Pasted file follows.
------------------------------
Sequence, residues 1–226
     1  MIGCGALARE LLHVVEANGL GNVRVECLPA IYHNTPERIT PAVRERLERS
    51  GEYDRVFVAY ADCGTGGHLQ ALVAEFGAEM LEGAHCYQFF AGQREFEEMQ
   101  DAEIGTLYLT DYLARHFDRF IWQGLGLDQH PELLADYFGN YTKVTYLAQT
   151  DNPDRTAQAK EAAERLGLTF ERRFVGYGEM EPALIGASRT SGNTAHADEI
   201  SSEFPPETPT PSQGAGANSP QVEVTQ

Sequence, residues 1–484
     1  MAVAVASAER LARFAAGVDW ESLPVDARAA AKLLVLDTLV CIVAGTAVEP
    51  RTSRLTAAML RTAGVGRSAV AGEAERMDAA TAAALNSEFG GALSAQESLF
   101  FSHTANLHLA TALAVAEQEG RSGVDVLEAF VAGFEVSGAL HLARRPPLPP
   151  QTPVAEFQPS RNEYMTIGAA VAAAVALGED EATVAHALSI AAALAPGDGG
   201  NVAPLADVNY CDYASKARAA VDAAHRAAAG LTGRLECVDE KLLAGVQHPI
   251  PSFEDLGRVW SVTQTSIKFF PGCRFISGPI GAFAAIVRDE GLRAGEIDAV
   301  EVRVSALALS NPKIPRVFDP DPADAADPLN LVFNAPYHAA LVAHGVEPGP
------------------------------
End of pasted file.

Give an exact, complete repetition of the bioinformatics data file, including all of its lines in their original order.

Sequence, residues 1–226
     1  MIGCGALARE LLHVVEANGL GNVRVECLPA IYHNTPERIT PAVRERLERS
    51  GEYDRVFVAY ADCGTGGHLQ ALVAEFGAEM LEGAHCYQFF AGQREFEEMQ
   101  DAEIGTLYLT DYLARHFDRF IWQGLGLDQH PELLADYFGN YTKVTYLAQT
   151  DNPDRTAQAK EAAERLGLTF ERRFVGYGEM EPALIGASRT SGNTAHADEI
   201  SSEFPPETPT PSQGAGANSP QVEVTQ

Sequence, residues 1–484
     1  MAVAVASAER LARFAAGVDW ESLPVDARAA AKLLVLDTLV CIVAGTAVEP
    51  RTSRLTAAML RTAGVGRSAV AGEAERMDAA TAAALNSEFG GALSAQESLF
   101  FSHTANLHLA TALAVAEQEG RSGVDVLEAF VAGFEVSGAL HLARRPPLPP
   151  QTPVAEFQPS RNEYMTIGAA VAAAVALGED EATVAHALSI AAALAPGDGG
   201  NVAPLADVNY CDYASKARAA VDAAHRAAAG LTGRLECVDE KLLAGVQHPI
   251  PSFEDLGRVW SVTQTSIKFF PGCRFISGPI GAFAAIVRDE GLRAGEIDAV
   301  EVRVSALALS NPKIPRVFDP DPADAADPLN LVFNAPYHAA LVAHGVEPGP